For windows, you can seal them up with temporary caulk or an inexpensive plastic window insulation film. During cold winters in Boston, that thin film kept my apartment much warmer than it would have been without the seal. While sticking it into place can be a little tricky, the process is straightforward and requires only a hair dryer. Best of all, it just costs a few dollars.

While you’re looking at places cold can enter, don’t forget your air conditioner. Remove your window units or cover them up for the season so they won’t accidentally cool the house when you want it to stay nice and warm.

If this sounds like a little too much work, try a less intensive solution: Place draft blockers at the base of windows and doors alike to cover those places where the warmth can leak out.

Tackling other drafts, like those around pipes, might take a few more tools. Snead advises that you go around your home and check all potential leak points. “Seal around utility penetrations, lights, plumbing, open framing, spaces in the attic where heat might escape,” he says. “Those gaps are easier to seal up during construction of a home, but it’s really cost effective to make sure they’re blocked off now.”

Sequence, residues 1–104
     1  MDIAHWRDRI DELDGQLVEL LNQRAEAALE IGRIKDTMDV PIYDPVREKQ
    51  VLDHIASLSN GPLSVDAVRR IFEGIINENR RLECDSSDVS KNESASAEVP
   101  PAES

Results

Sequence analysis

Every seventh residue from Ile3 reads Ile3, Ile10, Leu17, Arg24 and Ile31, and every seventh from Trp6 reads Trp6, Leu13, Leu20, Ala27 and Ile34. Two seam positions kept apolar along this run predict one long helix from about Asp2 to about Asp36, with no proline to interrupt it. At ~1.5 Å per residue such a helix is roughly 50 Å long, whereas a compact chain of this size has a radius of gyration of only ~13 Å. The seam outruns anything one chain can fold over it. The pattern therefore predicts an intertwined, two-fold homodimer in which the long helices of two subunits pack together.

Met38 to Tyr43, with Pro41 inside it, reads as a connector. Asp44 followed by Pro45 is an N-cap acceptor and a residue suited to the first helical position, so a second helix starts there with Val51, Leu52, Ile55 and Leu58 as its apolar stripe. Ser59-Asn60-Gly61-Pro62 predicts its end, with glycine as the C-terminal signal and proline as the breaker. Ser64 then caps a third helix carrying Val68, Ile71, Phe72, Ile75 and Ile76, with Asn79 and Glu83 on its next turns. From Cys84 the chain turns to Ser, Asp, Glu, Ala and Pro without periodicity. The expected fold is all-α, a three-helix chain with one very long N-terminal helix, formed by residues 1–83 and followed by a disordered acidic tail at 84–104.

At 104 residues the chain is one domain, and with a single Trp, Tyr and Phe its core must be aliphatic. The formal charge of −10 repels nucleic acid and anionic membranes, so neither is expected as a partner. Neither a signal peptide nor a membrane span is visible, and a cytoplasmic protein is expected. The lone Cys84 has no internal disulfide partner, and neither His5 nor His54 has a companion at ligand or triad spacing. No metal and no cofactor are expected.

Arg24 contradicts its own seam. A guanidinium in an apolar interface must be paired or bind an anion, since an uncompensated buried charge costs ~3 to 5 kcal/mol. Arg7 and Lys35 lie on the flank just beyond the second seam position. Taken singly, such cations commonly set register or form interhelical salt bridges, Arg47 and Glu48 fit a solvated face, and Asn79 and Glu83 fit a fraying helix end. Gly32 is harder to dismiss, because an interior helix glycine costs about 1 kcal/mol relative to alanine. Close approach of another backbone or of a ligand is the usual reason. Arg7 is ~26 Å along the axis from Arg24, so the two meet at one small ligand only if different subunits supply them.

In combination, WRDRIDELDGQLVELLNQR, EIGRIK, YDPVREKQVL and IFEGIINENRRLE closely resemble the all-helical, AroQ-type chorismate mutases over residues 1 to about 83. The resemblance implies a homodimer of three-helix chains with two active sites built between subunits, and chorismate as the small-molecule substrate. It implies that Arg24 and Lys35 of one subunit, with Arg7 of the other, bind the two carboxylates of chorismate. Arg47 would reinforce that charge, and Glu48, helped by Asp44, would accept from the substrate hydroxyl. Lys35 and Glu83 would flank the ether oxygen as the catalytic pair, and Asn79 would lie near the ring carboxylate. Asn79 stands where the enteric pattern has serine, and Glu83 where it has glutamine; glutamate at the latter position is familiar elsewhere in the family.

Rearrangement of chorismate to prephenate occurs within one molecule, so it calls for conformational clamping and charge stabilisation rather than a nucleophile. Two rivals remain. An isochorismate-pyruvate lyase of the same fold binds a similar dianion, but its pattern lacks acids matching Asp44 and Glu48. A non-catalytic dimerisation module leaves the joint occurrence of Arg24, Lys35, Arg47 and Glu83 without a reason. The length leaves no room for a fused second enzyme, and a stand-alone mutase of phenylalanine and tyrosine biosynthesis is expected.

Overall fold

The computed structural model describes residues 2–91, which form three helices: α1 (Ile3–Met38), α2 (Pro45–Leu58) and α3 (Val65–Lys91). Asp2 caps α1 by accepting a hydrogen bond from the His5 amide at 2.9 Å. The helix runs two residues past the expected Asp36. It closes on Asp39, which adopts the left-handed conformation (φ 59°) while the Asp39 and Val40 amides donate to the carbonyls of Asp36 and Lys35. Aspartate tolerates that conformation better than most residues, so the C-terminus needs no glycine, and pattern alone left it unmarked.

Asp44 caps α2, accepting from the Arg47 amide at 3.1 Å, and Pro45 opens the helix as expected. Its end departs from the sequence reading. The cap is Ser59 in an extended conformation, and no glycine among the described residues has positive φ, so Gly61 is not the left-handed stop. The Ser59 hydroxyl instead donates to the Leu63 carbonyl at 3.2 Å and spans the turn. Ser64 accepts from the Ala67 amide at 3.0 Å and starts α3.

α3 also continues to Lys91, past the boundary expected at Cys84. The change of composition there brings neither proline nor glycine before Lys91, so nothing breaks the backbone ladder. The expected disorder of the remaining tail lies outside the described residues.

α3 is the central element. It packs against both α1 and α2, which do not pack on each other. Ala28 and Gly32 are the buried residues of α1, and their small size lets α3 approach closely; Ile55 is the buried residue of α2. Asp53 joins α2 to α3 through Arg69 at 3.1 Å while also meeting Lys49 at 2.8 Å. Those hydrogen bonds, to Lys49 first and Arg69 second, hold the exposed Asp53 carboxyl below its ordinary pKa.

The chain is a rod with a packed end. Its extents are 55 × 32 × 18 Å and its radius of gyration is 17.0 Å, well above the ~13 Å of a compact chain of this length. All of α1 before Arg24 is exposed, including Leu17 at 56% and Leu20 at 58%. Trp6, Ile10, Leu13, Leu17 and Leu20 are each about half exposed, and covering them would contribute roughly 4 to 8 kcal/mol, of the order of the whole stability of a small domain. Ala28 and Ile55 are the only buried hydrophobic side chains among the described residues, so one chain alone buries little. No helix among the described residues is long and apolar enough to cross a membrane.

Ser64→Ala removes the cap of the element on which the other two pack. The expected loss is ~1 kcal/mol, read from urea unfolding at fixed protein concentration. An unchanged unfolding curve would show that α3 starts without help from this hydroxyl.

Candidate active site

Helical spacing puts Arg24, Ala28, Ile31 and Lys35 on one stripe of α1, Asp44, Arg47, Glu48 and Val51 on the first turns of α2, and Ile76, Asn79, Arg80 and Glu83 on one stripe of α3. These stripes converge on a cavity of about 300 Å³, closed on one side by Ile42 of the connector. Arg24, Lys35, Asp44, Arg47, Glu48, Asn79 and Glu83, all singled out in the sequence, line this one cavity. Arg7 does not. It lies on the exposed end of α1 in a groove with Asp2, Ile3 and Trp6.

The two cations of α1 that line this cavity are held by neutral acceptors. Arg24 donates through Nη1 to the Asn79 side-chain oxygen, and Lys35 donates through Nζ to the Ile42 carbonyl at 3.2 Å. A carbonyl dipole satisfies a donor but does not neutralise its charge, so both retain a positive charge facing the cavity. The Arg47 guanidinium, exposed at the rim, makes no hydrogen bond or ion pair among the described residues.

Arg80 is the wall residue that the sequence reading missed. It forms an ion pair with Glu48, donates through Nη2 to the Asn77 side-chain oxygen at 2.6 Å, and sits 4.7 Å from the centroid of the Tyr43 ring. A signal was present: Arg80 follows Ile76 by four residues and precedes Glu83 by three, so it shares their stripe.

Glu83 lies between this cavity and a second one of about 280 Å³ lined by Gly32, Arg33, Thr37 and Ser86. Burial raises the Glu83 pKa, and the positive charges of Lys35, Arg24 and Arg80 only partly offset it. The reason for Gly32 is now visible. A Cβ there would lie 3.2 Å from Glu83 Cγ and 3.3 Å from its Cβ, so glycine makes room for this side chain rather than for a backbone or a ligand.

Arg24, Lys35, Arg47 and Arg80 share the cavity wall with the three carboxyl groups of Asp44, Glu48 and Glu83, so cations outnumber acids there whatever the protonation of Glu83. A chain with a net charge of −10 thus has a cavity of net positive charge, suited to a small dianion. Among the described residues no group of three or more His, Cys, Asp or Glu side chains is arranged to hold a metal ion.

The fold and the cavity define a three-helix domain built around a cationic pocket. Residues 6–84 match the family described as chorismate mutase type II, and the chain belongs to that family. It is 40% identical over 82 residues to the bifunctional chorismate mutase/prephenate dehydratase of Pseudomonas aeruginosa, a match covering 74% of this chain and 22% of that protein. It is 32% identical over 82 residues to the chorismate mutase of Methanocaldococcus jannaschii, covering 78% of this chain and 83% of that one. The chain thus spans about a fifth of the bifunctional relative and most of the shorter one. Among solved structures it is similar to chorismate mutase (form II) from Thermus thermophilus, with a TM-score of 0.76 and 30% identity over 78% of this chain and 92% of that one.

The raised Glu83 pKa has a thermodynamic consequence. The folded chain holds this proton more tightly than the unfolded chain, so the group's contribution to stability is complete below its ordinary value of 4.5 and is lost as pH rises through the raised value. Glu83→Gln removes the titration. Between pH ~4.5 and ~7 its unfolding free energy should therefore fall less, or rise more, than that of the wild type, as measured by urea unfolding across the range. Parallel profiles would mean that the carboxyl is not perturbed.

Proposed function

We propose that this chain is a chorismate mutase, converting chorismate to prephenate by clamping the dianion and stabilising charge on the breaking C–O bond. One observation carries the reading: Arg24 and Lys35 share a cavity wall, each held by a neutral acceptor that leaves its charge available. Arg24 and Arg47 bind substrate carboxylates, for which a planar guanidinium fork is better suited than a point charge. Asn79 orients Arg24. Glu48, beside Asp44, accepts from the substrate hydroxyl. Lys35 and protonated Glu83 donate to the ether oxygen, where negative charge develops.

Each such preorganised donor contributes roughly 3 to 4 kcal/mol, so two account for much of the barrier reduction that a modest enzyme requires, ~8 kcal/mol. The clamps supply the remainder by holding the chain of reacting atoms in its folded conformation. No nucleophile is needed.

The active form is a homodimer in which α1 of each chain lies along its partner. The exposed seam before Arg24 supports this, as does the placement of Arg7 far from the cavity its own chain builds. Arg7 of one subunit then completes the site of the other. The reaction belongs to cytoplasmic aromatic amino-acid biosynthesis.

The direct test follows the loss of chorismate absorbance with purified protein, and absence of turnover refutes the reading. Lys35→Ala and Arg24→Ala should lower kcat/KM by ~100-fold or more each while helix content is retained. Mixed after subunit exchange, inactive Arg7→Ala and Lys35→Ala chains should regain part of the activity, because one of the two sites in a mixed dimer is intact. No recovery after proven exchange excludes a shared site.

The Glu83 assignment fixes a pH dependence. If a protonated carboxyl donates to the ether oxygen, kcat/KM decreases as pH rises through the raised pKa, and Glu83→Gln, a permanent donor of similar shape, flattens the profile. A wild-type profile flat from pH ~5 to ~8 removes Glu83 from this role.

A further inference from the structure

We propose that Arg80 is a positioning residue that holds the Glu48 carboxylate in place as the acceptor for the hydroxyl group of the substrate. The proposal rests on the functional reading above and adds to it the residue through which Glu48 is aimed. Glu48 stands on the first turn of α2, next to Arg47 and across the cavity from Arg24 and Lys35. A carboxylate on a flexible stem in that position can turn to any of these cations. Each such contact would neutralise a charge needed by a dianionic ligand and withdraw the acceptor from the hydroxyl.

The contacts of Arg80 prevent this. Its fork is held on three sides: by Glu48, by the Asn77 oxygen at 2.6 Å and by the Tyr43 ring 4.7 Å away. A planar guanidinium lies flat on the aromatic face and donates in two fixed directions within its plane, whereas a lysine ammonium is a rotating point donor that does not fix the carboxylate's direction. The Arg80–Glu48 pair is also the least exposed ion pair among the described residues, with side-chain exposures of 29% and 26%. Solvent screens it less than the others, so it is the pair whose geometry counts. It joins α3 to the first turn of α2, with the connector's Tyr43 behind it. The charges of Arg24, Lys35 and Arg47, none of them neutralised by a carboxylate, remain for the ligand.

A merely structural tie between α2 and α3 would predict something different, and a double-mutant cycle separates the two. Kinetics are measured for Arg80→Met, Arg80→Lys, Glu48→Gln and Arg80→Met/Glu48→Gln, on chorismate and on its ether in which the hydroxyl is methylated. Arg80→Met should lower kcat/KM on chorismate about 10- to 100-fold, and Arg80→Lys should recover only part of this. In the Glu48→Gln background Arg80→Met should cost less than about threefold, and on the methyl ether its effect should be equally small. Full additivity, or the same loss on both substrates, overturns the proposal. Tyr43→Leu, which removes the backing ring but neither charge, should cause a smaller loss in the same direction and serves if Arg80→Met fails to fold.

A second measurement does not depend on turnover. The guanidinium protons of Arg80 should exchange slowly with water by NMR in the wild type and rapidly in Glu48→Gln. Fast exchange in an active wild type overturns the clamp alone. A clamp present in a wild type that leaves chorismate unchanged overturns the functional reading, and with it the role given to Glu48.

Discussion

Take advantage of the sun

While the windows can let heat out, they also let warm sunlight in. Snead suggests that people with south-facing windows open their curtains or blinds during the day to let the sun’s light and heat ease the burden on the furnace. But after the sun goes down, don’t forget to close those drapes again, allowing the extra barrier of fabric or wood to help insulate the home.

Cover your water heater

You aren’t the only one affected by the chill—it also saps energy from your hot-water heater. To prevent this, Snead recommends covering your heater with an insulating blanket during the winter. With this extra layer, your morning shower will warm up faster and stay hotter for a longer amount of time.

Check your pipes

If you live in an area where pipes freeze frequently, avoid a costly repair bill by checking whether your pipes are insulated against the cold. In addition, avoid burst pipes by keeping the heat on inside the house (at a low setting), even when you’re not there.

For outside pipes, like sprinklers, call a service company and ask them to drain the system of water before the first big freeze. While you’re preparing your home’s exterior, clean your gutters to free them of leaves and debris. This will prevent ice dams from forming and help get rid of heavy snow on your roof.

Fan yourself

And last but not least, ceiling fans keep you cool in the summer—but they can also help you stay warm in the winter. Simply reverse the direction in which the fan turns, from counterclockwise in the summer to clockwise in the winter. When it spins clockwise, instead of blowing cool air around the room, a fan can draw frigid air up to the ceiling and push heated air—remember, hot air rises—down toward you and your family.

Some of these winterization techniques might cost money up front. But in the long term, being energy efficient could help you cut down on heating costs. And ultimately, you’ll be glad to have a safe and cozy home all winter long.